Trucking is a stable and in-demand career path for people who want an alternative to working in an office. For many truckers, the job becomes a lifestyle and identity. Drivers must meet requirements that include a medical exam, written test and driving evaluation, but some employers are willing to help you with these costs and hassles. When you explore trucking as a career, you'll see that there are many more advantages than hassles.
Truck drivers can choose to be independent contractors, but when you opt to become a trucking company employee, you can receive a stable, high salary that increases over time. You may also get sign-on and performance bonuses, meal and accommodation allowances and more. Most trucking companies also offer medical insurance, paid vacations, retirement plans and other benefits. It's possible to make more money in trucking than those who have a college degree make in office jobs.
The nation's economy relies on truckers to operate efficiently. Competent truckers who do their jobs safely and efficiently can keep their positions for years, even decades. Demand for trucking services continues to rise, and in many regions truckers are almost always in short supply. Even as new transportation technologies arise, no viable alternative to trucking is in the works.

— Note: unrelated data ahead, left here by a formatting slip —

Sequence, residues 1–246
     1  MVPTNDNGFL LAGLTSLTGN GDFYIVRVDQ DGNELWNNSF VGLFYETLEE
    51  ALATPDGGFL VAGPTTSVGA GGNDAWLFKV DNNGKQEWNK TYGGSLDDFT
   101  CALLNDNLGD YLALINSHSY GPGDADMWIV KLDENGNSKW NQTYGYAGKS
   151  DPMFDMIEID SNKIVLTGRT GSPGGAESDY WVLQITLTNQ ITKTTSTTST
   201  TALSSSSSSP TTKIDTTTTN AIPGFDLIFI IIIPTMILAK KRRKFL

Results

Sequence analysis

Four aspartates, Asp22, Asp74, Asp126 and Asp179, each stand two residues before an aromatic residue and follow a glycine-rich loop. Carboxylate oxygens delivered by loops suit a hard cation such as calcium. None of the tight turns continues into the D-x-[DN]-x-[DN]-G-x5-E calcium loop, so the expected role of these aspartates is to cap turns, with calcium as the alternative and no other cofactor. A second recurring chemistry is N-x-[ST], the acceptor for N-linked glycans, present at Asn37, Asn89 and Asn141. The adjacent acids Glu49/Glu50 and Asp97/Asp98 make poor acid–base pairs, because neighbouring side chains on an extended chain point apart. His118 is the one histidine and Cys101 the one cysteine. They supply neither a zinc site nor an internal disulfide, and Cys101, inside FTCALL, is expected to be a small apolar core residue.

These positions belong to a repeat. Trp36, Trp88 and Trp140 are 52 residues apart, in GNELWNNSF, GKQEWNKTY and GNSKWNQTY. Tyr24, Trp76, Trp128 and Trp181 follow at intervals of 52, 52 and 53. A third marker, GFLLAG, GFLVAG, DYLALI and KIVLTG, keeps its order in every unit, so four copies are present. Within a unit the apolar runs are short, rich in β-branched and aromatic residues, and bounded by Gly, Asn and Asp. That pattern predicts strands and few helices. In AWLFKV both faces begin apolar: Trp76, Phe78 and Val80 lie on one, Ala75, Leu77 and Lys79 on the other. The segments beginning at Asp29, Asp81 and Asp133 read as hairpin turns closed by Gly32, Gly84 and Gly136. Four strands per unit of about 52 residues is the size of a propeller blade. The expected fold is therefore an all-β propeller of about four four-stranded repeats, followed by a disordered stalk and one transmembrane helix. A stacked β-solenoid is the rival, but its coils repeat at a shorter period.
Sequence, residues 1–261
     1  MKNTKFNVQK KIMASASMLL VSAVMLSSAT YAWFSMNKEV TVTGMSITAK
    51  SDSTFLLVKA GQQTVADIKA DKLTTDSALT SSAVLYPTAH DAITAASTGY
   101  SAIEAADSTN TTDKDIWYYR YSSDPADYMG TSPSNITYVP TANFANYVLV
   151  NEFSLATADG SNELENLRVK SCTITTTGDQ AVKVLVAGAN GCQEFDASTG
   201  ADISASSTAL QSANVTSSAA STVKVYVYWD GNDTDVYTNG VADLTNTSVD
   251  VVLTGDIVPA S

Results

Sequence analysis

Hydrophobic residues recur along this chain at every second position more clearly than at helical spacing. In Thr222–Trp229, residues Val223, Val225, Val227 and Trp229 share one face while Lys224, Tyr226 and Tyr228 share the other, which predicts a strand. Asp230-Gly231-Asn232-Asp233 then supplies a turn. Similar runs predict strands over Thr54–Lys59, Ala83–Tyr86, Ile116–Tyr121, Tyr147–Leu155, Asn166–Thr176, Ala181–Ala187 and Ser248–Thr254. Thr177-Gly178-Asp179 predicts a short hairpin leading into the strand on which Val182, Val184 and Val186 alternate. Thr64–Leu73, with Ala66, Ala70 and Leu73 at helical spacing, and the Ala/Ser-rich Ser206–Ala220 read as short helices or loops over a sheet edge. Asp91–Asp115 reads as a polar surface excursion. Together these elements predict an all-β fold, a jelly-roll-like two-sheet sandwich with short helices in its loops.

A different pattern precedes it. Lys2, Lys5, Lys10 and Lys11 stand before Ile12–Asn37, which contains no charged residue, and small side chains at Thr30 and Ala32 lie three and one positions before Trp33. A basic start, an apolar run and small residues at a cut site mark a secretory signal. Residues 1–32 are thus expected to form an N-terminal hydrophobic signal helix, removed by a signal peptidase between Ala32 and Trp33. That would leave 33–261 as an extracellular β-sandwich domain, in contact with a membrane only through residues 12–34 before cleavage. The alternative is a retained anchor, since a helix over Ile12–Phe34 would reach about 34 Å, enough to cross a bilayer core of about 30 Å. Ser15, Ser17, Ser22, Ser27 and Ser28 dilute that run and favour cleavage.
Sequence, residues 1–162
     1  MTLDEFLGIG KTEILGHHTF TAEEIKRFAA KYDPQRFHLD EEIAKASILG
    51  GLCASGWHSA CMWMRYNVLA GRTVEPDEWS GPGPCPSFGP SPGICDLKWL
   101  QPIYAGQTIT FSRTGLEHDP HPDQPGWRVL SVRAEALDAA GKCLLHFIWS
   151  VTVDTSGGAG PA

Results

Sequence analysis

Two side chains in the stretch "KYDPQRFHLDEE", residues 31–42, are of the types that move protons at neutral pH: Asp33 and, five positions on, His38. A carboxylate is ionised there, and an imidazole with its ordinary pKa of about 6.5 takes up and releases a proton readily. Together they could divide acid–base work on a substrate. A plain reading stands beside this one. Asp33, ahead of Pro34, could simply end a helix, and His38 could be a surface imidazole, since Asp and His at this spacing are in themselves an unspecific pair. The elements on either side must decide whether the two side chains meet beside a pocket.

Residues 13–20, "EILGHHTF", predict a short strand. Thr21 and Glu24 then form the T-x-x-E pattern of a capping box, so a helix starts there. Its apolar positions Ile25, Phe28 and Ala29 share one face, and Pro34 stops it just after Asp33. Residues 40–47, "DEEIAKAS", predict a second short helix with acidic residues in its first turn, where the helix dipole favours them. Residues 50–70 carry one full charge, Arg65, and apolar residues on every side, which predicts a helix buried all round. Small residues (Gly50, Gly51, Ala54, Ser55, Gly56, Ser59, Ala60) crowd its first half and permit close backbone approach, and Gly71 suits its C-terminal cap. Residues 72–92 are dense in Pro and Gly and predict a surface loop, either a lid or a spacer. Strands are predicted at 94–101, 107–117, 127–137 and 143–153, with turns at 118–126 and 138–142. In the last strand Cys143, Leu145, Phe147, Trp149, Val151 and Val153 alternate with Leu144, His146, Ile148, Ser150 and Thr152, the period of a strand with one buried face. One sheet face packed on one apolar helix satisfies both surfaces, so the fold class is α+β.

Truckers aren't always on the road, as some people may think. While long-haul trucking can keep drivers away from their families for days or weeks at a time, that's not the only career path available. If you want to be home most nights, you might consider intermodal trucking jobs, which usually involve dropping cargo off or picking it up from train yards. Long distances are handled by the trains while truckers handle the first few miles to the yard or the last few miles to the destination.
Long-haul drivers often make more trips around the nation than even the most avid leisure travelers and sometimes have downtime in fun and exotic destinations. Plus, the nation's freeway system passes through remarkable scenery that you will see while driving that you might otherwise never experience. With some trucking jobs, the tradeoff for being away from home is getting to see the country from a unique perspective.
If you think a trucking job might be right for you, look for companies that offer training and other incentives. If you prefer, you can get your commercial driver's license at your own expense before you start looking for the right job. Either way, there are ample and diverse opportunities in the trucking industry for those who want great pay and are looking for a way to contribute to the nation's economic stability.